The following article is a preview of a longer article coming soon by Bill Hern of Football’s Black Pioneers fame.
Bill and David Gleave’s fantastic book, tells the story of the first black player at every single league club and the tales are fascinating. So much so, and inspiring us to be able to look forward to the day a similar book on Asians is published, we spoke to Bill on Episode 13 of our podcast to pick his brains. And one of the things that fell out was the story of the first ever Asian to play football professionally, way back in 1898. Ladies and gentleman, I present to you, Mr John Cother:
Arthur Wharton is famous as the first ever black professional footballer. He was born in what is now Ghana, both his parents were of mixed heritage.
The identity of the first ever professional footballer of Indian heritage is much less well known yet he played for Watford only three years after Wharton made his First Division debut with Sheffield United in 1895. Indeed, records show that Jack was playing professionally for Watford St Marys as early as October 1897.
That man was John Cother – known as Jack or, less respectfully, Darkie. Jack’s father was Indian, born in Bombay. What is more, Jack’s brother Edwin very soon followed him into the professional ranks.
Thus, Jack and Edwin Cother were almost certainly the second and third non-white professional footballers in England.
John senior married a white lady and at the time of the 1891 census the family of four were living at 14, Ballards Buildings in Watford. Even though younger brother Edwin was only 14 years old both he and Jack were working as general labourers. Living conditions in Ballards Buildings were horrific. In short, life was tough for the Cother family.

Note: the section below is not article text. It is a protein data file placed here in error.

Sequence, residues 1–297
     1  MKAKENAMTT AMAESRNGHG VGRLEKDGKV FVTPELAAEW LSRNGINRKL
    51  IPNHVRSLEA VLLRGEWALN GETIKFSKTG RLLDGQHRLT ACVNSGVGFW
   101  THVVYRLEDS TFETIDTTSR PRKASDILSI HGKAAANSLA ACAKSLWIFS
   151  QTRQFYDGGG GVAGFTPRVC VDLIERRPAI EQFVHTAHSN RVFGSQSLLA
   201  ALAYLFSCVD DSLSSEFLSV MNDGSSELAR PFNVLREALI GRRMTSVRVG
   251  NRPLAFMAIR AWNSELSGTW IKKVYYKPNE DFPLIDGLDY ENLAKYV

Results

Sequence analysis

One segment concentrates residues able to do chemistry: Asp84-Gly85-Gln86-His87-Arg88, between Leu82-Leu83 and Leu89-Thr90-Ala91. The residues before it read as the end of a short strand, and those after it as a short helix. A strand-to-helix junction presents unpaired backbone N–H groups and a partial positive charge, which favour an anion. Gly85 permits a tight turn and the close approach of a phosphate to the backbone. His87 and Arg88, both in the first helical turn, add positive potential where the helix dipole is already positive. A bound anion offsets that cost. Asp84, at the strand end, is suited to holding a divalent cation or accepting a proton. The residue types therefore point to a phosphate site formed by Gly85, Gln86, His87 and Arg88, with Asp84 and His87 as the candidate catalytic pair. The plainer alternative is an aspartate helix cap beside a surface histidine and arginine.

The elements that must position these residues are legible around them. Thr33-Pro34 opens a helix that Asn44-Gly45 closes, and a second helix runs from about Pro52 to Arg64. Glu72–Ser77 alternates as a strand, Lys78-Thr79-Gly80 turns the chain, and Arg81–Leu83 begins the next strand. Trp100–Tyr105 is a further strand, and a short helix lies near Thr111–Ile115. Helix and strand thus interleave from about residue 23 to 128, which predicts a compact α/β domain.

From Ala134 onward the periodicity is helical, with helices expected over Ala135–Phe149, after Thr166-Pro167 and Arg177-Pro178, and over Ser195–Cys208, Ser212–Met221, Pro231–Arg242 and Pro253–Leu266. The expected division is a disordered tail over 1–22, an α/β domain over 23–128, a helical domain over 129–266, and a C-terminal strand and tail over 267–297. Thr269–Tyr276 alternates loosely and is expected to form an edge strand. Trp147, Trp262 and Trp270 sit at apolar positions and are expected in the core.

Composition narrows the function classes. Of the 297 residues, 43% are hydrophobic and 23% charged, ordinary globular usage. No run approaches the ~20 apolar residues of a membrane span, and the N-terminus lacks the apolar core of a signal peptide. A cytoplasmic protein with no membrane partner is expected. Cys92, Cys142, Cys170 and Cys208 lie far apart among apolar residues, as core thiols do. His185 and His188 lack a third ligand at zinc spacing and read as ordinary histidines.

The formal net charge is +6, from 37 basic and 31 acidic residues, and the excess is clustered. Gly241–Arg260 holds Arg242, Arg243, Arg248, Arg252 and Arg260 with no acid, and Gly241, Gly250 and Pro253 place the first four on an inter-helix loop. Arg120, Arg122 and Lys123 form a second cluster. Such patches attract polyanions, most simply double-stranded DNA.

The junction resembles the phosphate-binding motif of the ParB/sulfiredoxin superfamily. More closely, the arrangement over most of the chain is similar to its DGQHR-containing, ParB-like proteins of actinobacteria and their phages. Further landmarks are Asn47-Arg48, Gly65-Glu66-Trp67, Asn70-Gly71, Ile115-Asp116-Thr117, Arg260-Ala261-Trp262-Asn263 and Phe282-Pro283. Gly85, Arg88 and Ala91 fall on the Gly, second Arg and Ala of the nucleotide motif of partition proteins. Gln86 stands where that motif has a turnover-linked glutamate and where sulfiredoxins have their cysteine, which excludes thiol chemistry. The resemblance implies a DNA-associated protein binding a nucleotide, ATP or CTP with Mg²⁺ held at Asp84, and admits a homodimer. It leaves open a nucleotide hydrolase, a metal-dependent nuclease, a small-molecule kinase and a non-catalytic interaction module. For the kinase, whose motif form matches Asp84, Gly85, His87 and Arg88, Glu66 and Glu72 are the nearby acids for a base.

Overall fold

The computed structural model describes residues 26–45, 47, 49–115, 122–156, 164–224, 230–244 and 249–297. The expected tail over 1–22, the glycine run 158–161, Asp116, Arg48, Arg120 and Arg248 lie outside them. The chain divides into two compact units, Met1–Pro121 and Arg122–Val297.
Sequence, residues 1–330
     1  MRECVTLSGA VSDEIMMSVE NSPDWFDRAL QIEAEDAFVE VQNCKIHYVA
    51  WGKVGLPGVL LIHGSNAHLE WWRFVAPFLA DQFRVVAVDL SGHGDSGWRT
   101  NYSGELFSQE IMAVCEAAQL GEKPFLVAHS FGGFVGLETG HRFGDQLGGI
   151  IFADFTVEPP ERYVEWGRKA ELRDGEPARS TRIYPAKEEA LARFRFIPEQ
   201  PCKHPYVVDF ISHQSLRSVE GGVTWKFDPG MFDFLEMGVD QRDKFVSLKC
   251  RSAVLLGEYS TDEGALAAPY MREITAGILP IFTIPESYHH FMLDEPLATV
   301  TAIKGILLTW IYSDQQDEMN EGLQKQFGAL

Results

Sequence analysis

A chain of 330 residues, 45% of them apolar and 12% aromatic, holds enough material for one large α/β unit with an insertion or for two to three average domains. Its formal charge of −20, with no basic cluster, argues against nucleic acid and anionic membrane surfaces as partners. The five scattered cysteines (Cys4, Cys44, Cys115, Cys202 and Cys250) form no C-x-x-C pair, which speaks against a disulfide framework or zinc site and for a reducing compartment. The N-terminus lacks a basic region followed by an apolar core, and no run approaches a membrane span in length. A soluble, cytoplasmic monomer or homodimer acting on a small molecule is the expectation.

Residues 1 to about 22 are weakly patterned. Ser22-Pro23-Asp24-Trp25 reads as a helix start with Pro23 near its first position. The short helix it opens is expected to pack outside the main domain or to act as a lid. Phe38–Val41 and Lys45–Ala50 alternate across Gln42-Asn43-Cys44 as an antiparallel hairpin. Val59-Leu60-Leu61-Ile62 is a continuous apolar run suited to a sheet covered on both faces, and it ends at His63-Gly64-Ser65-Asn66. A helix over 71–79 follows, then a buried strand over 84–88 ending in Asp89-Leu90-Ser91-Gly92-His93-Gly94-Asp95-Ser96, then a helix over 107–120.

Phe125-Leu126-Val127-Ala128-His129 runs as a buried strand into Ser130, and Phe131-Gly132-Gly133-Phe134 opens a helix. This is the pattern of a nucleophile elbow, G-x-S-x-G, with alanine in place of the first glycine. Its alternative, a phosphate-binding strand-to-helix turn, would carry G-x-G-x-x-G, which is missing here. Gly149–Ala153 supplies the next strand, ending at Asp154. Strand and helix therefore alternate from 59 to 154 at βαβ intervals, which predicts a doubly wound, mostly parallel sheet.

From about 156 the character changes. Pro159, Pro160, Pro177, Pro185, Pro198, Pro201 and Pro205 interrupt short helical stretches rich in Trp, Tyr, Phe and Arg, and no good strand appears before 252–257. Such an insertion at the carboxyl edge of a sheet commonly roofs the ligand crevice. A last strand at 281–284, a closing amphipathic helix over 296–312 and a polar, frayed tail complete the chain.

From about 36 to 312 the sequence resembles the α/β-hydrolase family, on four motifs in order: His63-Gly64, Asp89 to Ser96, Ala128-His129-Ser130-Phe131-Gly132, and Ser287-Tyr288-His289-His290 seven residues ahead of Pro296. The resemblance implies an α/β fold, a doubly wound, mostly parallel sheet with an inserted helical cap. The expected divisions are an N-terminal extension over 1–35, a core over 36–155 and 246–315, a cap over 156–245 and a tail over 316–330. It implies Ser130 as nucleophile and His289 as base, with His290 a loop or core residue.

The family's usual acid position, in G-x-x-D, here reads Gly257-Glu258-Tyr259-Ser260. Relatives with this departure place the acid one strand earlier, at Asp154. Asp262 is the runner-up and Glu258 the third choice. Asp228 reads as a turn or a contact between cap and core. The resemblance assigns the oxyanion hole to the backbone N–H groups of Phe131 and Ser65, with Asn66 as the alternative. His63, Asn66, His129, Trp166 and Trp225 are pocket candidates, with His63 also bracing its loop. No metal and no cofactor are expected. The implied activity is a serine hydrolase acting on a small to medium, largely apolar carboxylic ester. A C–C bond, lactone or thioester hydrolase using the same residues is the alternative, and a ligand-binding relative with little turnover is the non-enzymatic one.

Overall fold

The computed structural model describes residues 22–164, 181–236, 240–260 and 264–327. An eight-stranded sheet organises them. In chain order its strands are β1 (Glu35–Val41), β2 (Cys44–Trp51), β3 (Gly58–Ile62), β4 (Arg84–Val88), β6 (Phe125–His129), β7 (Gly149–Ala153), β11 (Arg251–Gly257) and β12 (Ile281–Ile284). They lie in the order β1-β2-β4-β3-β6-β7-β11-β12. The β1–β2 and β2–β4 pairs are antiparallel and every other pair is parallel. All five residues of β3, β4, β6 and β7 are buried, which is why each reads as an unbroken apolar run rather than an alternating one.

Jack and Edward signed for Watford, then in the Southern League. Jack was the first to make his debut on 14th September 1898 in a 15-0 home win against Wycombe Wanderers. Ten days later Edwin made his bow, a 1-0 home victory over Chesham in the FA Cup.
Jack went on to have far the more impressive career making over 130 appearances for Watford. He was a tough tackling full-back who even managed to contribute three goals during his six-year career with the club.
Edwin played only eight games in the 1898/99 season.
The brothers were often in trouble with the law, primarily for drinking and gambling offences. Without wishing to excuse their behaviour, they had a very tough upbringing and this may have had an effect on them for the rest of their lives. Jack even spent time with his three-year-old son in the Watford Workhouse in 1911.
Both Edwin and Jack enlisted to fight in World War 1. Edwin was amongst the first of the volunteers and served in France before being medically discharged in January 1918. The fact that he was promoted to Lance Corporal suggests military life had a positive impact on his life and behaviour.
Jack worked as a labourer for Watford Council and sold programmes outside of Vicarage Road. He died on 2nd December 1946 aged approximately 73 – his precise date of birth is unknown. He is buried in Vicarage Road Cemetery.
Edwin also fell on hard times. He worked as a labourer and lived in modest surroundings in a boarding house as his wife had died. Tragedy struck in February 1943 when his youngest son was killed in action in North Africa during World War 2 – he was only 20-years-old.
Due to his behaviour Edwin had long been estranged from his family when he died in St Albans in 1961. He was buried in a pauper’s grave.
More needs to be done to carry out further research into the life of the Cother brothers and ensure that the memory and achievements of the first Indian heritage professional footballers are commemorated in a similar manner to those of Arthur Wharton.
Pics courtesy of https://www.ourwatfordhistory.org.uk/content/our-history/diverse-watford/football/the-cother-brothers